As students enter a season of state-mandated testing, Educational Service District 112 has released a catchy music video that takes some of the mystery out of the process.

“Teacher’s got SBAC”—pronounced “S-BAC”—is a rap performed by staff and students at Vancouver’s Hough Elementary School. As they rap, dance and beatbox across the screen, they share some of the reasons behind state assessments and the benefits of taking them.

(SBAC stands for the Smarter Balanced Assessment Consortium, a multi-state group that developed the tests that are used in Washington and many other states.)

“Schools throughout Washington use state assessment results to make improvements in teaching and learning,” said Mike Nerland, ESD 112 assistant superintendent of Teaching and Learning. “Assessment results provide information that allow schools to identify strengths and gaps in curriculum and instruction. They also give educators data that enable them to design teaching strategies to boost student achievement.”

The video launches ESD 112’s “EDU-speakin’ to me?!” video series on social media. EDU-speakin’ is a creation of the agency’s Communications and Public Engagement department.

“One day we were talking about how confusing education terms can be for us as parents of school-age children—even though we work with this jargon every day at ESD 112,” said communications manager Sarah Coomber.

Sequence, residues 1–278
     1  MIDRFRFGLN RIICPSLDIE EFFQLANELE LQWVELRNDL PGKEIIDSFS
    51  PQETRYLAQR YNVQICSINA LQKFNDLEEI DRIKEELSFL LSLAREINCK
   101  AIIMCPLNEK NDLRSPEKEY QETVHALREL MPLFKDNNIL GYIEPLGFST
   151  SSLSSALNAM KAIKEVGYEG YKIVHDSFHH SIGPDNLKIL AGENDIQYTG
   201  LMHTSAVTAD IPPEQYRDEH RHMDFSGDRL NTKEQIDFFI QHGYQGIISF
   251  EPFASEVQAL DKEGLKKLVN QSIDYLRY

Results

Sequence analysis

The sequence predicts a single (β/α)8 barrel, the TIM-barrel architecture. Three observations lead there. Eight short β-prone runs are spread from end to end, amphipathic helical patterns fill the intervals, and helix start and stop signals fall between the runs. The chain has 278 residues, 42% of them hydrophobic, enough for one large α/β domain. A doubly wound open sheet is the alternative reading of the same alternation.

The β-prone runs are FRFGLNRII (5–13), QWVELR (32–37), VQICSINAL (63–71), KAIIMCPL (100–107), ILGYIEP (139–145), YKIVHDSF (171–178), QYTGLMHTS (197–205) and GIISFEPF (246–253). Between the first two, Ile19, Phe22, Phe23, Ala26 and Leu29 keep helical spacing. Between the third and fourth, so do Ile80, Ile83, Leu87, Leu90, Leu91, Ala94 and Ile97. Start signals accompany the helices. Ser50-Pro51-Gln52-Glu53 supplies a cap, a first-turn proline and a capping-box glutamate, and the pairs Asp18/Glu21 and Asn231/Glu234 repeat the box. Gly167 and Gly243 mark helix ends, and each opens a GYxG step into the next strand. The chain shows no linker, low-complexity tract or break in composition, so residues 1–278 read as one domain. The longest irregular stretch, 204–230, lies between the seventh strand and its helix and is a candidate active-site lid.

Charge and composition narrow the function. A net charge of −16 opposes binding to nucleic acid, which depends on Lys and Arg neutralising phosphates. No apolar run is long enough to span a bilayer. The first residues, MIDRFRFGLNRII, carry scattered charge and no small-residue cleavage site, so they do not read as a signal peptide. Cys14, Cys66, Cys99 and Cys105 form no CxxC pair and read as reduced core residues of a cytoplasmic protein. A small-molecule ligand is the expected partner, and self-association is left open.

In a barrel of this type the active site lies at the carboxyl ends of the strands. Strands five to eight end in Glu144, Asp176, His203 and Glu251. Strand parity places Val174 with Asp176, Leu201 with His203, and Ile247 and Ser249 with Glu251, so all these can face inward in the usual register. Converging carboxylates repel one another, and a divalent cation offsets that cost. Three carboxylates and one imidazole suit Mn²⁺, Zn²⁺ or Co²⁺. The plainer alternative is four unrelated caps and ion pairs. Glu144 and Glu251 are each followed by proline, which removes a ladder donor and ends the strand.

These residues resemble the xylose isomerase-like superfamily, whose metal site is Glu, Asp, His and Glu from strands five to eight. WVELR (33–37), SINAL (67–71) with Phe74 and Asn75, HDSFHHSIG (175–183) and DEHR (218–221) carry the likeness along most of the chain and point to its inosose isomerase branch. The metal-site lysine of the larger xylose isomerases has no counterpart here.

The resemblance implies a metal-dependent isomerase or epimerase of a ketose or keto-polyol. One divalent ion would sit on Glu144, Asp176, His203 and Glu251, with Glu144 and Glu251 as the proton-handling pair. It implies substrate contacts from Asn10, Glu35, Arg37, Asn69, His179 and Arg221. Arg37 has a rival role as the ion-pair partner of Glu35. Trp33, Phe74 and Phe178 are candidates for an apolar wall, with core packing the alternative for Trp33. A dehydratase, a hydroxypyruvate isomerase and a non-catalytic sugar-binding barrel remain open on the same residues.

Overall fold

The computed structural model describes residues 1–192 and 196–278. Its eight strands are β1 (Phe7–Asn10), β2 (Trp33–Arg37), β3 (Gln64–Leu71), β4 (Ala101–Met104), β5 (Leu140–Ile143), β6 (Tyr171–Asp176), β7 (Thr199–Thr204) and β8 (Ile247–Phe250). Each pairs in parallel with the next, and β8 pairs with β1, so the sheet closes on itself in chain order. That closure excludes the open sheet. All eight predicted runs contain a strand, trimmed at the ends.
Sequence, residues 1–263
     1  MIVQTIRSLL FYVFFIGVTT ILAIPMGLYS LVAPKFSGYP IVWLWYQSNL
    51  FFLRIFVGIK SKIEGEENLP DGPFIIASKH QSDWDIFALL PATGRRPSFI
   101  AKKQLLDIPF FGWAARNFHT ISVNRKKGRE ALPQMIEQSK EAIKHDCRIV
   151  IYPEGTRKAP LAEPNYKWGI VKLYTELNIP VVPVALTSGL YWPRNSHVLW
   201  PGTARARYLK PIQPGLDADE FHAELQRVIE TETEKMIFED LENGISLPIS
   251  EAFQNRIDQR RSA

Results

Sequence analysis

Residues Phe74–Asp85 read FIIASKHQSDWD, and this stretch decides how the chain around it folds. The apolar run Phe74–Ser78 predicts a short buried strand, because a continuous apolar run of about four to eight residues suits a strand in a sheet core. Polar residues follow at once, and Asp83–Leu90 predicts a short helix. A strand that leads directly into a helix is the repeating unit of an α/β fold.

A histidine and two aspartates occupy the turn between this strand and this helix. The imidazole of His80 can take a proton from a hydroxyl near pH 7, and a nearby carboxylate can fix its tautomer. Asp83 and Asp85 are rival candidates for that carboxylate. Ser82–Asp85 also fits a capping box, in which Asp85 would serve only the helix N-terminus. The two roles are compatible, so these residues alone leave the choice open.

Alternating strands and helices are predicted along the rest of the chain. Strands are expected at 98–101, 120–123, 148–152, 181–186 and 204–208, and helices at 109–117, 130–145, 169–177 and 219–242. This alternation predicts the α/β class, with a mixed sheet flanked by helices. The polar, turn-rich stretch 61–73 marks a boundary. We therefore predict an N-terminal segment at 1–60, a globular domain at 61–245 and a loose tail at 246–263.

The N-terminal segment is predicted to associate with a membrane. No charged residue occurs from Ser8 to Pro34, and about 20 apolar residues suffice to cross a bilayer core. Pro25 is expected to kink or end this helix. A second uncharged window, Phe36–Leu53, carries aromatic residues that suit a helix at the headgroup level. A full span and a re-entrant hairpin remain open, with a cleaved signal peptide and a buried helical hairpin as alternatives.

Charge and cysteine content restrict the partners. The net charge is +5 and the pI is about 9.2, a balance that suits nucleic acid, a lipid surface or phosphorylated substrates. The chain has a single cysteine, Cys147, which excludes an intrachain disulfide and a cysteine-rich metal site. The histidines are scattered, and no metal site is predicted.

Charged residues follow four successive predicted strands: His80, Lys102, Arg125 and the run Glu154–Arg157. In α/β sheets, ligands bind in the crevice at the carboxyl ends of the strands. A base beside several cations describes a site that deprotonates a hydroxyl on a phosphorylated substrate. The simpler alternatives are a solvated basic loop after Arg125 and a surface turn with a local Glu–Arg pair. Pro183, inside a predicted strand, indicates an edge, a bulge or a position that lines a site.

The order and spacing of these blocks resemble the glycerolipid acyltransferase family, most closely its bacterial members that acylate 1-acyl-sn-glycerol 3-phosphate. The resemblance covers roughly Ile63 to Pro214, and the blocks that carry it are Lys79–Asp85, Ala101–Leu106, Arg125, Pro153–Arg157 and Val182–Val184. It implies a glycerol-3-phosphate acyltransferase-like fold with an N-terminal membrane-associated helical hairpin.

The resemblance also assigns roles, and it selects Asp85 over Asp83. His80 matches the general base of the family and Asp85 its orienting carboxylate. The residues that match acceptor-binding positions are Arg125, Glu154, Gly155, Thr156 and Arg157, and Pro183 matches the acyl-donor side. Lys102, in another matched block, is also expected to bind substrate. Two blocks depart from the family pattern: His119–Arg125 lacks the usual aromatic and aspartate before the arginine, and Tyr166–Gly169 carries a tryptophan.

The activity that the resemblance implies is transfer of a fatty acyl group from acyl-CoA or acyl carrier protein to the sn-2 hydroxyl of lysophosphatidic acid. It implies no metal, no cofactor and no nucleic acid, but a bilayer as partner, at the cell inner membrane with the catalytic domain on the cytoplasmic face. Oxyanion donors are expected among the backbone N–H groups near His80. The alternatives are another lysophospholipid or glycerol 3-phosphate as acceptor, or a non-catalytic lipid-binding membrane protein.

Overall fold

“So we thought, ‘What if we made learning education jargon fun?’” said graphic designer and copywriter Melissa Burt.

Soon they were brainstorming with communications manager Michele McKeag Larsen and video producer Rose Yandell, targeting topics that might help parents feel more comfortable in school conversations and conferences.

So far the EDU-speakin’ group has tackled Common Core/CCSS, DIBELS, magnet schools, NGSS, STEM/STEAM, BYOD and SBAC—with more to come. The videos are available at and will be featured on social media throughout the spring.

To make sure the project is answering a real need, the EDU-speakin’ group shared one video and survey with ESD 112 colleagues. Of 65 respondents, 70.8 percent said they also have been confused by various education terms, and 21.5 percent more admitted to having been “somewhat” confused.

When they shared the same survey with families in Hockinson School District, they found that out of 45 respondents, 64.4 percent have been confused and 26.7 percent have been “somewhat confused.”

“We knew we were on to something,” said Larsen. “Now we’re on a mission to make public education understandable to everyone.”